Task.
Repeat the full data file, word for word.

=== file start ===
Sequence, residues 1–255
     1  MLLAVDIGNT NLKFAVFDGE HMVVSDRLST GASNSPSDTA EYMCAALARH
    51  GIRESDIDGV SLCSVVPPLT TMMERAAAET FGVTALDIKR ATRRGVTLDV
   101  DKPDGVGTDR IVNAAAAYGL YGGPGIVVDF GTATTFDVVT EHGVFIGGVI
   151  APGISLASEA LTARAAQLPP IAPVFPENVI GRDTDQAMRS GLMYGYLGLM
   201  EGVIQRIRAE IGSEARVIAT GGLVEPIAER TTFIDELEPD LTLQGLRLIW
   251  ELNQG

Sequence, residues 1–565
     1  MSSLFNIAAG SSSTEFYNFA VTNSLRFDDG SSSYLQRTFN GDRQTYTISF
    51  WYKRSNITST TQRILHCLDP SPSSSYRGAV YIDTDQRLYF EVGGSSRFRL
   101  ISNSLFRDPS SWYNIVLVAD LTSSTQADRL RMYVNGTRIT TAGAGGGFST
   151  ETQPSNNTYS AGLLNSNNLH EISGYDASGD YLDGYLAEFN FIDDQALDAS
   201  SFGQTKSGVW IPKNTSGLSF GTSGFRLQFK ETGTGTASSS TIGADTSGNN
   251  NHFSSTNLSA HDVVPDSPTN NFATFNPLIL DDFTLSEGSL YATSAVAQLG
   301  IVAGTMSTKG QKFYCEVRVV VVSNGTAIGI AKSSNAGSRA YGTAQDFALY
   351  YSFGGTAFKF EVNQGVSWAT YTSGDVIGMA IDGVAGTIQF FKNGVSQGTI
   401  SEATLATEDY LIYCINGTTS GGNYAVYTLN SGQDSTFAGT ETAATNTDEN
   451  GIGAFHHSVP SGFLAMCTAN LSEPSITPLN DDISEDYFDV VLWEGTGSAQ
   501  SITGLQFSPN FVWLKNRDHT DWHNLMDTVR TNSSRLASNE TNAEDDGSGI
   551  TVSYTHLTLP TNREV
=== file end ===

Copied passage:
Sequence, residues 1–255
     1  MLLAVDIGNT NLKFAVFDGE HMVVSDRLST GASNSPSDTA EYMCAALARH
    51  GIRESDIDGV SLCSVVPPLT TMMERAAAET FGVTALDIKR ATRRGVTLDV
   101  DKPDGVGTDR IVNAAAAYGL YGGPGIVVDF GTATTFDVVT EHGVFIGGVI
   151  APGISLASEA LTARAAQLPP IAPVFPENVI GRDTDQAMRS GLMYGYLGLM
   201  EGVIQRIRAE IGSEARVIAT GGLVEPIAER TTFIDELEPD LTLQGLRLIW
   251  ELNQG

Sequence, residues 1–565
     1  MSSLFNIAAG SSSTEFYNFA VTNSLRFDDG SSSYLQRTFN GDRQTYTISF
    51  WYKRSNITST TQRILHCLDP SPSSSYRGAV YIDTDQRLYF EVGGSSRFRL
   101  ISNSLFRDPS SWYNIVLVAD LTSSTQADRL RMYVNGTRIT TAGAGGGFST
   151  ETQPSNNTYS AGLLNSNNLH EISGYDASGD YLDGYLAEFN FIDDQALDAS
   201  SFGQTKSGVW IPKNTSGLSF GTSGFRLQFK ETGTGTASSS TIGADTSGNN
   251  NHFSSTNLSA HDVVPDSPTN NFATFNPLIL DDFTLSEGSL YATSAVAQLG
   301  IVAGTMSTKG QKFYCEVRVV VVSNGTAIGI AKSSNAGSRA YGTAQDFALY
   351  YSFGGTAFKF EVNQGVSWAT YTSGDVIGMA IDGVAGTIQF FKNGVSQGTI
   401  SEATLATEDY LIYCINGTTS GGNYAVYTLN SGQDSTFAGT ETAATNTDEN
   451  GIGAFHHSVP SGFLAMCTAN LSEPSITPLN DDISEDYFDV VLWEGTGSAQ
   501  SITGLQFSPN FVWLKNRDHT DWHNLMDTVR TNSSRLASNE TNAEDDGSGI
   551  TVSYTHLTLP TNREV